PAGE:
Mr.
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Format: Hardcover Vine Customer Review of Free Product ( What's this? )
Mankind has often looked upon the ocean as a bountiful place capable of providing a near-endless supply of food. We even sort of romanticize those who brave the elements, from Moby Dick and yesterday's whalers to today's "Deadliest Catch." And for reasons of abundance or convenience or perhaps just taste, we've settled upon four main fish which serve as our principal "seafood": salmon, bass, cod, and tuna. But, as fishing has become increasingly commercial and efficient, we're in danger of destroying the wild populations of these fish and the ecosystems they depend upon and that are dependent upon them.

Paul Greenburg has written an excellent and surprisingly readable book about our relationship with the sea and its bounty. He does this not from a solely environmentalist perspective, but also as a fisherman and one who enjoys eating fish. He discusses the advantages of wild vs. farmed fish - the destructive practices of each which imperil future stocks. With farming, in particular, the four are very poor candidates for captive rearing (although the lessons learned so far have been essential and can be applied elsewhere). He also explores potential replacements against a checklist of qualities that should ensure greater success (the same qualities that have been proven in terrestrial farming).

I was *very* surprised at how much I enjoyed this book. I've never been a huge eater of seafood, although I've recently begun ordering it more often when we eat out. But I most appreciated the scientific aspect of the book that seeks to find the best possible balance, moving beyond the simple red or green seafood cards to maximizing a sustainable harvest while protecting resources. He acknowledges there are no easy answers, but leans a little too heavily on regulation as if illegal poaching wouldn't increase with such measures. But overall, an important read for all those who are concerned about the future of the oceans and the last wild food.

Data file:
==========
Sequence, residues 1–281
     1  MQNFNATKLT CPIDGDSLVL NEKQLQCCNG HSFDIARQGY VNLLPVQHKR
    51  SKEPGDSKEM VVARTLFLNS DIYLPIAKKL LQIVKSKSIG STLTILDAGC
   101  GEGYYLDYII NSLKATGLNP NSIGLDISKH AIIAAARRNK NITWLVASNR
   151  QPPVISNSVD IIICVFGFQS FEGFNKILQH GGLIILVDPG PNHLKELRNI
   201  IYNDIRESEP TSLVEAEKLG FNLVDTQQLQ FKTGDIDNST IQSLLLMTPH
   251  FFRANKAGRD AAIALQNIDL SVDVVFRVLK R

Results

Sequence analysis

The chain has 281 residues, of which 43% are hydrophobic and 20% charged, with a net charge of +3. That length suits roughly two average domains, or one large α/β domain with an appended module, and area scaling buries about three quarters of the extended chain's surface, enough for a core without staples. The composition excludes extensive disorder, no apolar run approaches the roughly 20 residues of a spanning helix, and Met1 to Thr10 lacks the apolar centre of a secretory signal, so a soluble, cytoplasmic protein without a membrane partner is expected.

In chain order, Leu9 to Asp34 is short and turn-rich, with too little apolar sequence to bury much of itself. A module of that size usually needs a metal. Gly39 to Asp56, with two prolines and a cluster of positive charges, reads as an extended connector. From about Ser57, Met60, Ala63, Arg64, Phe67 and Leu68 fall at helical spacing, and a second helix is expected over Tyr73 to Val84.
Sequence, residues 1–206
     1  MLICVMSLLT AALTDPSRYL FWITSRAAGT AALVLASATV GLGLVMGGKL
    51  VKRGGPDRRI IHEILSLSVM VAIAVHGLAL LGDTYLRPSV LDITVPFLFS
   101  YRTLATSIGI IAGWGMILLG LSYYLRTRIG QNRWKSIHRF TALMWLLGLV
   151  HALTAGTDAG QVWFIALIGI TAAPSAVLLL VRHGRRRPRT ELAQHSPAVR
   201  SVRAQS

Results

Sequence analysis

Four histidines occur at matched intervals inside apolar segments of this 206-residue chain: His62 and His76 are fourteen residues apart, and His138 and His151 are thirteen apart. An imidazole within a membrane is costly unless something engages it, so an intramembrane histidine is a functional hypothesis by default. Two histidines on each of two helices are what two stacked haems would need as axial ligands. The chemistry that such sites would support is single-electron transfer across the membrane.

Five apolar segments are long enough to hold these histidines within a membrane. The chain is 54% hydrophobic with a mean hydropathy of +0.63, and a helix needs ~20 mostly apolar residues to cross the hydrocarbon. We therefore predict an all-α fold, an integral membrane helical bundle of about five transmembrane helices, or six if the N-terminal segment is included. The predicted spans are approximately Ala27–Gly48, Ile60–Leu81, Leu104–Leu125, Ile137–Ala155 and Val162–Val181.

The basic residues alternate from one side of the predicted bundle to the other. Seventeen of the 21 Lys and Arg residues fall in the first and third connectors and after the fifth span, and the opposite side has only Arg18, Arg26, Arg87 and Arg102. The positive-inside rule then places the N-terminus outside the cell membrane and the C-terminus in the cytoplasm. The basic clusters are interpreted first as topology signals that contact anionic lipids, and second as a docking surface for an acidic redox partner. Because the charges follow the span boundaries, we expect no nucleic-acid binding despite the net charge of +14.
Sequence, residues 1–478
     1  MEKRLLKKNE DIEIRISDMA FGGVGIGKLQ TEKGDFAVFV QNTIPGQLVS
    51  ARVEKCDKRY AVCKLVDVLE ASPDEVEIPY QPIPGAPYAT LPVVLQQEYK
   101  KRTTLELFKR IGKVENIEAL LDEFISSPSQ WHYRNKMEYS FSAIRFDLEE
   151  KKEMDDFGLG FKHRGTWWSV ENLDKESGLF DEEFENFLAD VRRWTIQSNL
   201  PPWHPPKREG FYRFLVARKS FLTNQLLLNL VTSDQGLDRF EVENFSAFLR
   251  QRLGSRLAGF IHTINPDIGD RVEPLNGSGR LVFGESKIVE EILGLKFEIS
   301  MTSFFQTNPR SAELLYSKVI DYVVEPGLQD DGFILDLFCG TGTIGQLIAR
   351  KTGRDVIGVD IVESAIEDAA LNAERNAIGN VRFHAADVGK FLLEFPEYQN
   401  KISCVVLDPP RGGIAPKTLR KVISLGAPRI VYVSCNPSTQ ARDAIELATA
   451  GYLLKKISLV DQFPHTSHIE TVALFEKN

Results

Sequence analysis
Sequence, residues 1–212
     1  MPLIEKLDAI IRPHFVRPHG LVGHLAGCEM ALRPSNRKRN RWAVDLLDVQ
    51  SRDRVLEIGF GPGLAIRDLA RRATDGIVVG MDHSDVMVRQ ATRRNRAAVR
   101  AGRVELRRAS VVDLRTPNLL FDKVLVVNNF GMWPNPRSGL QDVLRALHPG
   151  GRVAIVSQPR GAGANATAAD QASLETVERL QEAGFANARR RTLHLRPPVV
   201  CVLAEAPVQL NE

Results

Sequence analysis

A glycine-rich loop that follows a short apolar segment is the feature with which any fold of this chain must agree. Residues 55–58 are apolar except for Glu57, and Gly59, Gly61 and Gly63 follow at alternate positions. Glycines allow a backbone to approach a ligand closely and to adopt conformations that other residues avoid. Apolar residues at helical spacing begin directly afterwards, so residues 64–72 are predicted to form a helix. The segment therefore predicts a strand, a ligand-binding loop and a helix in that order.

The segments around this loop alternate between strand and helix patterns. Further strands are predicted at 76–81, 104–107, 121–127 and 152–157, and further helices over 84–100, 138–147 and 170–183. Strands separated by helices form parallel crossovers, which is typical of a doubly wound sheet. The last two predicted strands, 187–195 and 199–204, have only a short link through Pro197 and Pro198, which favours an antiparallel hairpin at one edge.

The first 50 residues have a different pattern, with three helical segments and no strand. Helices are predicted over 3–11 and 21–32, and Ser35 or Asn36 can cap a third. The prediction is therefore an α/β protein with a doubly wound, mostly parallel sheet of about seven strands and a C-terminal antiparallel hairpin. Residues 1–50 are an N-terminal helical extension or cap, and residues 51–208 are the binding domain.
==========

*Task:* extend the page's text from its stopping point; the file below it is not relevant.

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Format: Hardcover Vine Customer Review of Free Product ( What's this? )
Paul Greenberg's "Four Fish: The Future of the Last Wild Food" is an insightful, entertaining, and compelling natural history and social commentary on the current state of commercial fishing, fish farming, recreational fishing, and worldwide fisheries management. The vast scope of this work is simplified by focusing on the four most popular eating fish: salmon, tuna, bass, and cod. In the process, the reader gains a solid overview of the topic. The book is packed with fascinating technical, scientific, social and historical details, but at no time did I feel overwhelmed...in fact, just the opposite: I could hardly put the book down. I was stunned to discover that "Four Fish" is a page-tuner!

The last time I found a natural history that was so compelling, it was Michael Pollan's "Omnivore's Dilemma." While I don't think this book will become another worldwide nonfiction bestseller like that one did, I would not be surprised to see it turned into a feature National Geographic Channel documentary. After all, the author is extremely engaging and a writer who frequently writes for that magazine.

The author's writing is personal, direct, honest, and easy-going. Reading the book felt like sitting down with a brilliant, enthusiastic buddy and listening to him tell you about the subject that commands his greatest passion. The book is full of delightful stories based on fascinating people who Greenberg interviewed and observed during the course of researching this book. Much of the scientific and technical information is passed on to the reader through artful, true-to-life storytelling. His stories unfold naturally and often overflow with humor and wit. There is a comfortable balance between the light and serious section.